Autumn is a busy season for us; the level of activity has shot up and all my “call me in September” buyers have resumed their searches. This morning I have to review my Saturday - the two open houses and 14 offers as a result. Offers range from 20 per cent below to five per cent above asking price, and I am faced with the task of explaining to under-bidders that, just because you can “move quickly”, doesn’t make your offer of £200,000 below the asking price attractive. My advice of: “Pay the asking price or more to secure,” has fallen on deaf ears.
I spend the morning pushing paper from yesterday’s deal — the buyer wants a five-day exchange. The vendor is in a great position with six under-bidders circling like vultures in anticipation of a slip-up. The pressure is on and I’m stuck between angry buyers who missed out and my angry wife on the phone with an anniversary issue.
I don’t know who to fear more and calm the latter when I announce plans for our first wedding anniversary at the weekend. I do a third viewing in the afternoon at a property where the prospective buyer wants to bring his eight-year-old daughter. As delightful as the daughter is, the constant: “Why is this room so small and dark?” and: “I don’t like this house,” doesn’t help to seal the deal.
Lo and behold I receive an apologetic call on the way home explaining that even though they like the location etc, they’ll not take it any further. Never work with animals or children.
It’s an early start as a City type wants to view one of the best properties on our books before work. Registered up to £3 million, my favourite line from him is: “It doesn’t have to be perfect — I’m only going to use it a few times a month as I spend most of my time in Monaco.” Today is also the day the deal from hell is set to exchange.
Riddled with title and lease issues, we get past the final hurdle with all in order, only for the vendor to demand another £300k. I wouldn’t have been so devastated had the property not been on the market for over a year with eight agents, receiving only one offer.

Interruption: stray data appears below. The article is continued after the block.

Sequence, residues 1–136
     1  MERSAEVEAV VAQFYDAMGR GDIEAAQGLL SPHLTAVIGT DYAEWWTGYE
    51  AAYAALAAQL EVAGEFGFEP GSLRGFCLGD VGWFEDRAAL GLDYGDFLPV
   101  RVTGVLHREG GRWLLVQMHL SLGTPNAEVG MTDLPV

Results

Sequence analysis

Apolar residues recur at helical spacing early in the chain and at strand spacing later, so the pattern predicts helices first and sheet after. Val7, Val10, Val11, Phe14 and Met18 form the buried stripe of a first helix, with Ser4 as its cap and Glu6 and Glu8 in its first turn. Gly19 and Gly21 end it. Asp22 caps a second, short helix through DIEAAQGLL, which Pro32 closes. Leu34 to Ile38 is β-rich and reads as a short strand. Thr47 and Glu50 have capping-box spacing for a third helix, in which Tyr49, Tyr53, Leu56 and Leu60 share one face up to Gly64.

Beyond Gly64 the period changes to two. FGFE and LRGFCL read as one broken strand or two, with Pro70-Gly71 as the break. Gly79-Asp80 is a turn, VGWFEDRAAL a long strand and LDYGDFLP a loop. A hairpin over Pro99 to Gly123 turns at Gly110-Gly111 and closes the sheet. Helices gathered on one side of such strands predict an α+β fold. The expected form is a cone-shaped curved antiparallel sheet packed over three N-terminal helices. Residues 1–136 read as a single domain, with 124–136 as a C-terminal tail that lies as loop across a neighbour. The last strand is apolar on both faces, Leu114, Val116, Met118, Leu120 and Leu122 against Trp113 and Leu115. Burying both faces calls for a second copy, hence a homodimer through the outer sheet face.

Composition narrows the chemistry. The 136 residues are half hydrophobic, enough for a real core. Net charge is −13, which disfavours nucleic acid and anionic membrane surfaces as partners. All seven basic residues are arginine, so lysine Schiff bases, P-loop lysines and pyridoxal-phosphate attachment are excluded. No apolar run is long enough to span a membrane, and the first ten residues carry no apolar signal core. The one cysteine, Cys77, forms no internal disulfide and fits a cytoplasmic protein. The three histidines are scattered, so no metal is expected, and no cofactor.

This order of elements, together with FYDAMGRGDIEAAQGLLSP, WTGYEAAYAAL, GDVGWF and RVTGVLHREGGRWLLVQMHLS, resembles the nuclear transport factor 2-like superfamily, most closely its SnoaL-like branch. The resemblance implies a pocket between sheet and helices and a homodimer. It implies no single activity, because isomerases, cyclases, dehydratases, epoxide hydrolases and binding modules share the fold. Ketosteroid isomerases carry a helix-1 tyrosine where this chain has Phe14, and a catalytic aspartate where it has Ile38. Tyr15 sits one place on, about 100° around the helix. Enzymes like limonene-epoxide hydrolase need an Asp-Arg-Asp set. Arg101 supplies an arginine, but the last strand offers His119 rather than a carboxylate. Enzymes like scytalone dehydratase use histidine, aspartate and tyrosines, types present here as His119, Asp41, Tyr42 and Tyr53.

I have a valuation today on a house near Holland Park. I arrive a little early and after a few knocks at the door still get no answer. I turn to leave only to be confronted by the vendor who I vaguely recognize, but can’t be sure of who she is… She has now moved across the road and bought the next door house as well to stop somebody else carrying out extensive building works.
We get on with the valuation, but after a short while she becomes more and more familiar to me and I am driven to ask a little more into her background. Turns out she grew up in South London and went to the same secondary school as me! She boils the kettle and we settle down to a coffee and some good old school gossip. I’m always surprised at what a small world we live in…
Fridays are good days in this industry. An unwritten rule in the world of solicitors seems to make it the main day for exchanges, meaning you greet the weekend with a smile on your face. And we’re on for a big week, which is great after three years of volatility.
On the way to meet one of the scariest buyers I have ever dealt with, I calm my nerves by putting in some calls to the lawyers to make sure everything is ready for my current exchange. My buyer has flown in from Russia, so I arrive early to make sure all is in order. When I pull up I see he’s already there with his translator and slight panic starts to set in. I discover that the vendor has locked three of the locks but only given us two keys.
I contact the vendor trying to convey the urgency and after 10 minutes of chaos and near heart failure, all falls into place and I show the buyer around. On my way back to the office I get a call from the lawyers. My current exchange has gone through… the sun comes out and I forget the near-catastrophe of the afternoon.
David Huggett is an associate in the Kensington office of Chesterton Humberts (chestertonhumberts.com)